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AFRICA: UN report exposes widespread abuse of children
5/29/2007 | IRIN News
[NAIROBI, 28 May 2007] - Efforts to eradicate abuse of children in Africa should concentrate on fighting gender-based violence, including rape, which exposes youngsters to HIV/AIDS, mistreatment at school and harmful traditional practices, a senior United Nations official said.
"Within the region, two out of three new HIV/AIDS infections in the 15 to 24 age group are in girls or women," said Per Engeback, the UN Children's Fund (UNICEF) regional director for Eastern and Southern Africa, on 28 May. "The face of HIV is a woman's face, a girl's face."
Engeback was speaking during the launch in Nairobi, the Kenyan capital, of the UN World Report on Violence Against Children. It was prepared by an independent expert, Paulo Sergio Pinheiro, for the UN Secretary-General.
In Eastern and Southern Africa, sexual violence and widespread poverty had exacerbated the spread of HIV/AIDS, with average prevalence rates among young women in the 15-24 age group two to six times higher than for boys, according to the study.
The region has an estimated 12 million children orphaned by AIDS [one or both parents], many of whom head households and are vulnerable to exploitation. Kenya is estimated to have at least one million AIDS orphans.
In Swaziland, the study said, orphans were twice as likely to engage in child labour, making up to 50 percent of the country's under-age sex workers. Kenya's child sex workers, mainly in tourist destinations, number between 10,000 and 30,000. An estimated 126 million children were involved in hazardous physical work in 2004, according to the report.
Violence at home
Violence against children cut across cultures and diverse backgrounds, with most children witnessing violent family situations also frequently brutalised, the report said.
In a study of 200 Tanzanian children living in the streets of Dar es Salaam, the capital, 62 percent gave parental fights, cruelty of step parents or abuse as their reason for leaving home.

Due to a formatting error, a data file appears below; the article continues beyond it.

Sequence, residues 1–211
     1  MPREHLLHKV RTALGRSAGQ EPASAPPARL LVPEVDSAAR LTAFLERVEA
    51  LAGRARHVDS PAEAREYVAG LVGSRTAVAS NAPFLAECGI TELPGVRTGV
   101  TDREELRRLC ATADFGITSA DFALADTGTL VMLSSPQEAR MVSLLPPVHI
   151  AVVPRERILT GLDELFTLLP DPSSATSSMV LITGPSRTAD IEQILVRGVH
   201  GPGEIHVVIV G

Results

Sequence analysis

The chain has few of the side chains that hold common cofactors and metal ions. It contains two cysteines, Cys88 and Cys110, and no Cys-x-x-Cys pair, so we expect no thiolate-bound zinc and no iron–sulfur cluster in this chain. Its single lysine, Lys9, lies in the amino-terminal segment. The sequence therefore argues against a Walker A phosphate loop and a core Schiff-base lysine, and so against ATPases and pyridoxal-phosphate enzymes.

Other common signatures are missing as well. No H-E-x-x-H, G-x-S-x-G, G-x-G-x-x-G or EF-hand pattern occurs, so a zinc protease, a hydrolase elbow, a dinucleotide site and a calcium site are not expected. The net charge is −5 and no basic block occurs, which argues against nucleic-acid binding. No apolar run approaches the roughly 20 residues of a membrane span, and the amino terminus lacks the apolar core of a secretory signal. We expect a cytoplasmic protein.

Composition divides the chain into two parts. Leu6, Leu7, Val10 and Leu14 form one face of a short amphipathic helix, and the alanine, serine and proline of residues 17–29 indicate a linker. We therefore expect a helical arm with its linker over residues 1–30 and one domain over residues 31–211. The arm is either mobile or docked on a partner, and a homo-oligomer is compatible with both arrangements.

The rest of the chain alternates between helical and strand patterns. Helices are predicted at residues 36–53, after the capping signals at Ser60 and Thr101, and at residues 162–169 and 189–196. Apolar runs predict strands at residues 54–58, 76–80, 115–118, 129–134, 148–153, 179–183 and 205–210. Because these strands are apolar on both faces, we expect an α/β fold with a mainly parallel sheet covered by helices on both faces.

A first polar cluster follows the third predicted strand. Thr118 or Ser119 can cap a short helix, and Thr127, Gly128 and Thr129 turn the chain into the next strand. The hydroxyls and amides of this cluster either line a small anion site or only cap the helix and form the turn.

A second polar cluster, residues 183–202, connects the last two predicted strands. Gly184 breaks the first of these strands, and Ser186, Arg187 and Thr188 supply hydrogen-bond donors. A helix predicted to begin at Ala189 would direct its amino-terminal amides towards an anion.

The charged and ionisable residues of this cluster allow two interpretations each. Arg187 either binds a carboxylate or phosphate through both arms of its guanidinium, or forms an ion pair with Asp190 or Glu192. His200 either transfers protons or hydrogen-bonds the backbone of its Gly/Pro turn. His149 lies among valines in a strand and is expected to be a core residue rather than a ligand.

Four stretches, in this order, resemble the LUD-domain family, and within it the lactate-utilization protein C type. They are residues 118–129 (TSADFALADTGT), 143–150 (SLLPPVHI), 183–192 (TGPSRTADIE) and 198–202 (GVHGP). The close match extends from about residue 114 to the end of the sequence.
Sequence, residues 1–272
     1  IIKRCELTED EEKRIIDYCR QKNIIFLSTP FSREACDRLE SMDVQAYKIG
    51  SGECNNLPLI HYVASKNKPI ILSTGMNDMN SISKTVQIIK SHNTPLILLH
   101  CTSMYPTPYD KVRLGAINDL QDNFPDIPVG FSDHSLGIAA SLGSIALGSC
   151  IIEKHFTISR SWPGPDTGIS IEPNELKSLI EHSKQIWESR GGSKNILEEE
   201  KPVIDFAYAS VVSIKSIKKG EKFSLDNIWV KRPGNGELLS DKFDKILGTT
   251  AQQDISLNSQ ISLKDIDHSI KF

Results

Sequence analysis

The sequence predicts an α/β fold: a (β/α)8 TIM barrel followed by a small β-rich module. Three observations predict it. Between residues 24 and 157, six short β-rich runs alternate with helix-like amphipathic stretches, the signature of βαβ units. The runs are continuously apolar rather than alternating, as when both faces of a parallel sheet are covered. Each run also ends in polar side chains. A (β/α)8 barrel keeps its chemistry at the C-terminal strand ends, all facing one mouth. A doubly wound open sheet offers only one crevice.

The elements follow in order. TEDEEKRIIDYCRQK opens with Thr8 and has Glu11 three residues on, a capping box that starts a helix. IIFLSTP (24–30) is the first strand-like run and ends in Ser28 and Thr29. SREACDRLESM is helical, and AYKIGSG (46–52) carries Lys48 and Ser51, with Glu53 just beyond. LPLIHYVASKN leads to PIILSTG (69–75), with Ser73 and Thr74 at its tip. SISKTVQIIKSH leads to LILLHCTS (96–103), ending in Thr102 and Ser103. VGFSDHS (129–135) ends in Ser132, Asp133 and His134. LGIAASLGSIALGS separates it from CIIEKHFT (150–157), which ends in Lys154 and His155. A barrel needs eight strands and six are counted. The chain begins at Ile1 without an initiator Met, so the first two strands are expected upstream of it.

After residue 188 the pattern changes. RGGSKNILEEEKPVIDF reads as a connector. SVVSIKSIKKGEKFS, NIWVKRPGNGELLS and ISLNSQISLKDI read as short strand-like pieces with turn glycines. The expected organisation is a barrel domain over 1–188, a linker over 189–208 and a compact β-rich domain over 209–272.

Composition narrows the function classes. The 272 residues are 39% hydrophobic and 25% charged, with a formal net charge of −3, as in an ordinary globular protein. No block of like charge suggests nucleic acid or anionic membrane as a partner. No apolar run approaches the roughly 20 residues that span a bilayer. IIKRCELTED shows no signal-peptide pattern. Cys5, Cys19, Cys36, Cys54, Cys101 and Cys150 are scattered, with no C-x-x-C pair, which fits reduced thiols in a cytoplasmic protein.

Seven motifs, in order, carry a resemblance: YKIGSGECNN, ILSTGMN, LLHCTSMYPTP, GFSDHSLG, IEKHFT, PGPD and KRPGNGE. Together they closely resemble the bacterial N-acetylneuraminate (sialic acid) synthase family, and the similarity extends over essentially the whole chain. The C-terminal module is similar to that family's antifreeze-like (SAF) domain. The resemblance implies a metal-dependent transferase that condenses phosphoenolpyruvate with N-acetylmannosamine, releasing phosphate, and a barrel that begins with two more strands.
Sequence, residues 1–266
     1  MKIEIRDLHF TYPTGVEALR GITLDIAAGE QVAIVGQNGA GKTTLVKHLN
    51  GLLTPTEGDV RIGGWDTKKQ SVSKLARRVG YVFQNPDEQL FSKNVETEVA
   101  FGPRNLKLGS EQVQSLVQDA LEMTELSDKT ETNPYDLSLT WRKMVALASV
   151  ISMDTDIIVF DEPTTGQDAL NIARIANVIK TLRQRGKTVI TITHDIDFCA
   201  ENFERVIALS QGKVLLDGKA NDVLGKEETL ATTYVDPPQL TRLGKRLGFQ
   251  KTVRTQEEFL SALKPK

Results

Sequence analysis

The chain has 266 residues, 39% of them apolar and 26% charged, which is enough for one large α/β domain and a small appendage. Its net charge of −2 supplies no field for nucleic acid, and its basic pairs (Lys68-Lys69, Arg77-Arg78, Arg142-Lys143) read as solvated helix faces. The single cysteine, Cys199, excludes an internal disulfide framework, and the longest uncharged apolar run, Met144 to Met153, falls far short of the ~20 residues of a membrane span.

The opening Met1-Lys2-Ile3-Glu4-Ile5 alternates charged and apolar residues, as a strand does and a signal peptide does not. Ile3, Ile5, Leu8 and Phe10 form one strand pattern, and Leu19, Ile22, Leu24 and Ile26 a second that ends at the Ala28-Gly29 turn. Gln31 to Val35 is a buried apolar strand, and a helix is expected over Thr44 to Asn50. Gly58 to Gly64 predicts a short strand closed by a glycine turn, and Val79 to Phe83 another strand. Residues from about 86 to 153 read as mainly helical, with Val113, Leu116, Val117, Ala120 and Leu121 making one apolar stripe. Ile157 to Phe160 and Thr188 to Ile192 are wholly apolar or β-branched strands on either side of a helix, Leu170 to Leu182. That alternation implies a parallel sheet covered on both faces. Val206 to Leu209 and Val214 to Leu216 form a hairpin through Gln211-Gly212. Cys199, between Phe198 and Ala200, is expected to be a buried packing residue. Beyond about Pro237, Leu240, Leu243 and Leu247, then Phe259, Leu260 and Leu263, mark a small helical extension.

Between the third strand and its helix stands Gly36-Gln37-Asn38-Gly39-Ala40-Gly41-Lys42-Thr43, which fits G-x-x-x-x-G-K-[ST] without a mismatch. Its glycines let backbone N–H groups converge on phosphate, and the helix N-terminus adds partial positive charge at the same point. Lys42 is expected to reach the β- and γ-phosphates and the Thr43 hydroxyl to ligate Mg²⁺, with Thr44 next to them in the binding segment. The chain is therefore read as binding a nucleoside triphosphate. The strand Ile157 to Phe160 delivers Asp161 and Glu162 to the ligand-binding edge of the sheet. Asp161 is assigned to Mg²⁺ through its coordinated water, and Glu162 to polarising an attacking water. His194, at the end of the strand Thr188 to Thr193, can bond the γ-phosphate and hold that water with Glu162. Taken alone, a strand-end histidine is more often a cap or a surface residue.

Globally, at least 150 million girls and 73 million boys experienced forced sexual intercourse or other forms of sexual violence in 2002, the study said. Sexual and gender-based violence was common on the street, in schools, communities and work places. The survivors of at least 40 percent of the 55,000 rape cases reported in South Africa in 2004-2005 were younger than 18, Engeback said.
Children were also exposed to sexual violence in schools, with frequent reports of teachers assaulting children, who were often too intimidated to report the abuse or were unaware of their rights.
Poverty, bias inhibit schooling
At least 50 percent of girls in Sub-Saharan Africa did not complete primary school for various reasons, including poverty and bias in favour of male children. Lack of education perpetuated a vicious cycle where ignorance exposed them to sexual abuse.
A survey carried out in Botswana showed that 11 percent of girl students feared sexual harassment could force them out of school, according to the report. "Violence against children is frequently legal, approved and in some cases even state authorised," said Engeback.
In many countries in Africa, harmful traditional practices such as early marriage and female genital mutilation (FGM) remained of particular concern. About three million girls undergo FGM annually, with Ethiopia having a high prevalence of 80 percent for women between 15 and 49. "This denies them a right to health, dignity and sometimes life," he said.
At least 48 percent of girls were married off before attaining the legal age of consent, putting their lives at risk, he added.
Children in conflict were especially vulnerable to violence, often being recruited as child soldiers or as providers of sex for combatants.
The study calls on states to take primary responsibility for preventing abuses by providing a robust legal framework capable of "prohibiting all forms of violence against children whenever it occurs and whoever is the perpetrator". Justice systems were often to blame for failing to prioritise child abuse and being lenient to offenders.
The executive director of the African Network for the Prevention and Protection Against Child Abuse and Neglect, Philista Onyango, added that violence against children required a multi-faceted response involving the government and civil society, among other stakeholders.
"There is also a need for the creation of regional and national mechanisms for the implementation of recommendations," she said.
With most children ignorant of their rights, Kenya’s Vice-President, Moody Awori, said there was a need to empower children on how to protect themselves, involve them in matters affecting them and harmonising laws relating to children.
"Understanding children is critical to shaping responses relevant to their needs," Awori said.
The study, which included the contributions of 133 countries, 18 from the eastern and the southern African region, also incorporated ideas contributed by children.
- Download the UN Study on Violence Against Children
- Violence against children: A toolkit on positive discipline (May 2007)
- Step up efforts to combat violence against children, says expert (24 April 2007)
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